Acts 1:8 holds to the settings of Acts 1:1-2:13 which opens up with explaining the Promise of the Holy Spirit, and the Spirit’s descent at Pentecost. The foundation for Acts is laid in the first eleven verses as Luke discusses the Kingdom of God and the Great Commission. The Commission of Jesus is set within the context of a question concerning when the kingdom of Israel will be restored (Acts 1:6). The question the Apostles asked was a routine one since Jesus has been resurrected. The Promise of the Spirit led them to think that the Messianic Era had dawned, and the final salvation of Israel was imminent. The reality is that the Apostles were still thinking of a political and military kingdom that would drive out the Roman armies and restore national sovereignty to Israel. Jesus corrects the Apostles, telling them in Acts 1:8 that they would receive power from the Holy Spirit, not to triumph over the Roman armies, but to spread the good news of the gospel throughout the world. In other words Jesus’ return is in God’s timing, and in the meantime there are key things believers are to do.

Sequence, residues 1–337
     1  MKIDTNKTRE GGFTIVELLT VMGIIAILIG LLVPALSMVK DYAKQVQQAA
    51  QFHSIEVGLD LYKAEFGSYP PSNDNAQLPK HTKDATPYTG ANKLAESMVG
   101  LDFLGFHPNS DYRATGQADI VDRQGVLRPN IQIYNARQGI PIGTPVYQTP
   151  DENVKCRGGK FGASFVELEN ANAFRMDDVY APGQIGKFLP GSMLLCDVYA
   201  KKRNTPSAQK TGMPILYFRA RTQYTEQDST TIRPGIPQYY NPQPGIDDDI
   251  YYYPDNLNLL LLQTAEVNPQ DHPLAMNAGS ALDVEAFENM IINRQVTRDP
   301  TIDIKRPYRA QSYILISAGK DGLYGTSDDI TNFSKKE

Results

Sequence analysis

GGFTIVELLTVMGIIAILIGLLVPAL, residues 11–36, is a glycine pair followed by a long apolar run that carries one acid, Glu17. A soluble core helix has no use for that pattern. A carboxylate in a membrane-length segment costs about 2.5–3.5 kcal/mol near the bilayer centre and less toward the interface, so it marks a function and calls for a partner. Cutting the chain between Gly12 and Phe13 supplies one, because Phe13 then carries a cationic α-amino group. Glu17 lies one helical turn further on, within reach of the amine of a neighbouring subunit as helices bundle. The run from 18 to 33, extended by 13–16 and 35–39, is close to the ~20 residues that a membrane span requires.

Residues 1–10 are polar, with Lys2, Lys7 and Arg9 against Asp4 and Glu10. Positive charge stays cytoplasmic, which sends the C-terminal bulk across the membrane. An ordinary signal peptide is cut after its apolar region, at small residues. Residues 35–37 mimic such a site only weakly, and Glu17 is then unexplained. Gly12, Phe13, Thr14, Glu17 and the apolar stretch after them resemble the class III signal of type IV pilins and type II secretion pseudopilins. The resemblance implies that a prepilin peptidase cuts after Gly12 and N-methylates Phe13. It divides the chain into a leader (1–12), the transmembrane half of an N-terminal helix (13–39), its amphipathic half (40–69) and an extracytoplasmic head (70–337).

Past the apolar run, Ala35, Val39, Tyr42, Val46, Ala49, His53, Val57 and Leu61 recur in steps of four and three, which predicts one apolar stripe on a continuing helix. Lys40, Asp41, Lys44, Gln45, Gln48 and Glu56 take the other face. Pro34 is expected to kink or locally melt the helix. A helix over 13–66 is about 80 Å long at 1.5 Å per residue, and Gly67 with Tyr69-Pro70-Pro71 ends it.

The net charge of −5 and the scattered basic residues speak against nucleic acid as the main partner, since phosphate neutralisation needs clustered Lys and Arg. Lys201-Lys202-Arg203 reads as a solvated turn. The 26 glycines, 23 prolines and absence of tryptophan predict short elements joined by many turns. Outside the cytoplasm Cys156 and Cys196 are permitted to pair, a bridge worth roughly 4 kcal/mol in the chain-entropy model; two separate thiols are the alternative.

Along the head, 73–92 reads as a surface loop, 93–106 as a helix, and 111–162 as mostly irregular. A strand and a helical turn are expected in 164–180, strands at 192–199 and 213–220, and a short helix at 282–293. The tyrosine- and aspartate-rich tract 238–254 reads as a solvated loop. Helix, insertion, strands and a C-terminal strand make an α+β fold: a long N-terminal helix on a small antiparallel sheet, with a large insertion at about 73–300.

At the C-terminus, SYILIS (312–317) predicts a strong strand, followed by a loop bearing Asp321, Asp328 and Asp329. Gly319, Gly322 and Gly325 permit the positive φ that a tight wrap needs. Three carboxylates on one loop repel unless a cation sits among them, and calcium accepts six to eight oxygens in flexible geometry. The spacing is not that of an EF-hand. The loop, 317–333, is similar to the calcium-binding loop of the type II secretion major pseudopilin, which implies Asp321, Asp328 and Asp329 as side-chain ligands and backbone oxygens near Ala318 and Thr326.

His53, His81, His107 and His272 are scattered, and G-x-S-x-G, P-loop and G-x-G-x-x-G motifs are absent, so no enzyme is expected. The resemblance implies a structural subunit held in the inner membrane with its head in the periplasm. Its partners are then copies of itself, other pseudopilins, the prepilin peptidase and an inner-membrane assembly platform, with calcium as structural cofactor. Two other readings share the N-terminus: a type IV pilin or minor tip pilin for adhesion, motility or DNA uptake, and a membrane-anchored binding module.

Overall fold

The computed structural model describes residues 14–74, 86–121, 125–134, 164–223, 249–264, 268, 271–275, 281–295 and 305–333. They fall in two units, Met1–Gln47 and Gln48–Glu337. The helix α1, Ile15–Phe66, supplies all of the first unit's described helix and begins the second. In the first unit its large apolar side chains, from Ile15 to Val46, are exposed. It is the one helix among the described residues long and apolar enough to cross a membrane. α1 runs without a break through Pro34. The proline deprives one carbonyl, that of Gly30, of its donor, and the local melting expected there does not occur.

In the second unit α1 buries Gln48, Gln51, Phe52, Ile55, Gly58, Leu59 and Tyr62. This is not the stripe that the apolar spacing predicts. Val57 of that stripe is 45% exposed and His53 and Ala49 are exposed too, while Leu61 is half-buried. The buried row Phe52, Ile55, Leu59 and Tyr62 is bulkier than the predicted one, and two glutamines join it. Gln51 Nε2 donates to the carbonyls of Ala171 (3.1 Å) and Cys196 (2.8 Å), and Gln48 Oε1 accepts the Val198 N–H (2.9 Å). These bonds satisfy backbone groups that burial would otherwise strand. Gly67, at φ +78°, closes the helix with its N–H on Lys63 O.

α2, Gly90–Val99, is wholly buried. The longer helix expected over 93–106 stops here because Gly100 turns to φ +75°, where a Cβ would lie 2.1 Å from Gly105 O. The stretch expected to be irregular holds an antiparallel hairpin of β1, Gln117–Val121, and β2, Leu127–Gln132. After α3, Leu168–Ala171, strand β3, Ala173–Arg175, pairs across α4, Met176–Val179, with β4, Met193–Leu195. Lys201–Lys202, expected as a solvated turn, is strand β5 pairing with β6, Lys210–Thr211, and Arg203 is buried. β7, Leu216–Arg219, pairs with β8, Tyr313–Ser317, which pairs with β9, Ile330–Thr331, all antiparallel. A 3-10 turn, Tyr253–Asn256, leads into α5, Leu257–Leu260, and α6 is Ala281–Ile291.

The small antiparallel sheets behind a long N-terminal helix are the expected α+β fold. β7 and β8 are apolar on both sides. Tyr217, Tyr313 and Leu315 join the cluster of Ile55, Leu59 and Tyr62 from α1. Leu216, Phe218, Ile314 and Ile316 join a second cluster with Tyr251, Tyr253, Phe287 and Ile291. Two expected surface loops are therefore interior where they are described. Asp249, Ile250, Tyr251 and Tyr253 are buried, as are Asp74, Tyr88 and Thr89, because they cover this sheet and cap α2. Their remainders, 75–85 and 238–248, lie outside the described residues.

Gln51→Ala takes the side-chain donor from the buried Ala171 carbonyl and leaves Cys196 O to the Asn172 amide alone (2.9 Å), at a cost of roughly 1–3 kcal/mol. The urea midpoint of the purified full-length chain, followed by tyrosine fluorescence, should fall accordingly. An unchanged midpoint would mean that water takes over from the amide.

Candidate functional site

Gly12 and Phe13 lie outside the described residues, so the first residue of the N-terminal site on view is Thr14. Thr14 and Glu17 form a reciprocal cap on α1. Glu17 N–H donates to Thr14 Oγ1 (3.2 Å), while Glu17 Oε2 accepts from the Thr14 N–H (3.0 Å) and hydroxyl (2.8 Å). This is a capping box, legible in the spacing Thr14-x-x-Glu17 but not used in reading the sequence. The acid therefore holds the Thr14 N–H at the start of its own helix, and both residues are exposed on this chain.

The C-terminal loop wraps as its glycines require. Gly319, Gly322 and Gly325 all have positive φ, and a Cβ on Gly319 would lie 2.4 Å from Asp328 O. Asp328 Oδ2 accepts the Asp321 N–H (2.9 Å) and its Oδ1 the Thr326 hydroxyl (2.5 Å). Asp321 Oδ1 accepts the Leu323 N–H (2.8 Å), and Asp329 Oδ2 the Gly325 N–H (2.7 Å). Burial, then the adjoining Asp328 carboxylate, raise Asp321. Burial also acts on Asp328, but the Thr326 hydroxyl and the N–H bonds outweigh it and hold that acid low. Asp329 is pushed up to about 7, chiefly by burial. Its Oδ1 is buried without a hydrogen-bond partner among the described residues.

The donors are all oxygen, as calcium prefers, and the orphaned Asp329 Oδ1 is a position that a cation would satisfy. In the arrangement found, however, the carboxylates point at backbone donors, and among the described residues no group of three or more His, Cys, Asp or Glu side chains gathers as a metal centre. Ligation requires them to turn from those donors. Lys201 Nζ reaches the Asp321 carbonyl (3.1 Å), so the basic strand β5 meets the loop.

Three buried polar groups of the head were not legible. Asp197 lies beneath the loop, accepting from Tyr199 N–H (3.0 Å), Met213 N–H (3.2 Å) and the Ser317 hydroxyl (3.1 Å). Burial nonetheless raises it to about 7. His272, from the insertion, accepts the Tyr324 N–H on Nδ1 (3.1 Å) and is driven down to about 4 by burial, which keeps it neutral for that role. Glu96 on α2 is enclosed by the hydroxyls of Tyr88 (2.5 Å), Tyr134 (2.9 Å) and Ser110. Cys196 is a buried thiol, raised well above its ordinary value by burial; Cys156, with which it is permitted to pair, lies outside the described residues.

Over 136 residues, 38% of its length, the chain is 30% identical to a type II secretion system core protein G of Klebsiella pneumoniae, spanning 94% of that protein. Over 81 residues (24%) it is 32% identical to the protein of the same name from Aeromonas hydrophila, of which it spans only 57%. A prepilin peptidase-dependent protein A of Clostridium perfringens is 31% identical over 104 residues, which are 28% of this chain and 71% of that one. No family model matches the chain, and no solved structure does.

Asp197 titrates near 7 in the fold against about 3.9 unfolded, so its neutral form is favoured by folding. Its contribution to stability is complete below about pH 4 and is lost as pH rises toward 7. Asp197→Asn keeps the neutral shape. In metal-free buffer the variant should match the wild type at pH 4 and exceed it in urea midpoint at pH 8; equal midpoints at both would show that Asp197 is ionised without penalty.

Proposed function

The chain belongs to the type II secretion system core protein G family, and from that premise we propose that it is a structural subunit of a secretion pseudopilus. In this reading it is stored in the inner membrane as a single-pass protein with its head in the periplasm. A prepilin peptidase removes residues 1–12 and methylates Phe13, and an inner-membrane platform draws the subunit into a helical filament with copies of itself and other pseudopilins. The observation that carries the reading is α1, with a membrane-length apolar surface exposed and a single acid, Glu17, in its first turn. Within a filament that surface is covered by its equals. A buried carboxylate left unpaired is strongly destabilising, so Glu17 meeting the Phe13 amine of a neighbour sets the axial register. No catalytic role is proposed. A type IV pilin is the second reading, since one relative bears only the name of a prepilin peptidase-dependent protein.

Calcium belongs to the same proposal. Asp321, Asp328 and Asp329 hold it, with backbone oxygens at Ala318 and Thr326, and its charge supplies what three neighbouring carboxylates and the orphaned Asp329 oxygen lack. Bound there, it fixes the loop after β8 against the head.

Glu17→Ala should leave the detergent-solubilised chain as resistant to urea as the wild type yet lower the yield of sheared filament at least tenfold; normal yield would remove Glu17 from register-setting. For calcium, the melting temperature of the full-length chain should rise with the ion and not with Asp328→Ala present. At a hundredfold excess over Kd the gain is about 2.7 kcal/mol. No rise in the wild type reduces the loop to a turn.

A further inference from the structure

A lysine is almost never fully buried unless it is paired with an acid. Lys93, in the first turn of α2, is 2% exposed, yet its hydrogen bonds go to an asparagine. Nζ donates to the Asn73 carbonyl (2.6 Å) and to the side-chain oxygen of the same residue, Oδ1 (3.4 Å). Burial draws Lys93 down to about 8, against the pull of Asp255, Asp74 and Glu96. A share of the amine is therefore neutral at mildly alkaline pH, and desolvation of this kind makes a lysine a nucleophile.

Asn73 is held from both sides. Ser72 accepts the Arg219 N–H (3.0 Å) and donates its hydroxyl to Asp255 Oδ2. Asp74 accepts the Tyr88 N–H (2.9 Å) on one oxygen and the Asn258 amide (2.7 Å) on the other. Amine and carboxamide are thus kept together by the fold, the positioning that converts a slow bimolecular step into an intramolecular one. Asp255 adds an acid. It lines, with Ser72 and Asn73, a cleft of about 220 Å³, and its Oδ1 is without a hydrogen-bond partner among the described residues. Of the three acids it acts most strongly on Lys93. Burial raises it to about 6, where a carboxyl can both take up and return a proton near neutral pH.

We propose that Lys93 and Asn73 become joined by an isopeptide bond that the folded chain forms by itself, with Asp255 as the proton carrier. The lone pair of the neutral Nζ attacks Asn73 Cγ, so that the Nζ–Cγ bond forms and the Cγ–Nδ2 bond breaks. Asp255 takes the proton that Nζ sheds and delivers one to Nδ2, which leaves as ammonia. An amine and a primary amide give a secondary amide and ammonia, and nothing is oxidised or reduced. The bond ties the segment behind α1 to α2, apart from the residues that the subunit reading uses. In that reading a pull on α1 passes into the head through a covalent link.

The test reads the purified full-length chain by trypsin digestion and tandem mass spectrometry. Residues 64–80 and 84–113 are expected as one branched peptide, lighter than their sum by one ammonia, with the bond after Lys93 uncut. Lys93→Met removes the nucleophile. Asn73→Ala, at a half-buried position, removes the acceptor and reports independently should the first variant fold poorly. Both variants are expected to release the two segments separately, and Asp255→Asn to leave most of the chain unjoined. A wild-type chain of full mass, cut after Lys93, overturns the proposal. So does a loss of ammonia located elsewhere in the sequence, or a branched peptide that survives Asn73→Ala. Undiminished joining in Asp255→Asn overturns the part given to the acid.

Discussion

The backdrop for Acts 1:8 is Luke 24:44-48, “4Then he said to them, “These are my words that I spoke to you while I was still with you, that everything written about me in the Law of Moses and the Prophets and the Psalms must be fulfilled.” 45Then he opened their minds to understand the Scriptures, 46and said to them, “Thus it is written, that the Christ should suffer and on the third day rise from the dead, 47and that repentance and forgiveness of sins should be proclaimed in his name to all nations, beginning from Jerusalem. 48You are witnesses of these things.” Jesus statement “my words” refers to His teaching concerning His death and resurrection (Luke 9:21-22). Jesus of Nazareth and the risen Lord Jesus are one and the same. The Law of Moses and the Prophets and Psalms refers to the divisions in the Old Testament in Jesus’ day. “Psalms” is an example of a synecdoche, in which one of the books in the Writings represents the whole. True understanding of the Scripture occurs when one understands how all of redemptive history fits together and is a gift of God (Luke 9:45; 18:34). Luke 24:45 teaches that the Christ should suffer, which repeats verse 26 and emphasizes that Jesus’ death and resurrection were necessary in order to fulfill God’s providential plan. Repentance and forgiveness of sins form the basis for the content of the Gospel while in His name provides the authority for how salvation is affected. As eyewitnesses, the Disciples served as guardians of the Gospel (Luke 1:2). The Promise of My Father refers to the Holy Spirit who had been promised by God the Father (Acts 2:33). The coming of the Holy Spirit had been announced by John the Baptist as a sign that the Messiah had come (Luke 3:15-17). The Holy Spirit would enable the disciples to fulfill their commission as Jesus’ witnesses (Acts 1:8). The futuristic present tense of the words (“I am sending”) emphasizes the certainty of the Spirit’s coming.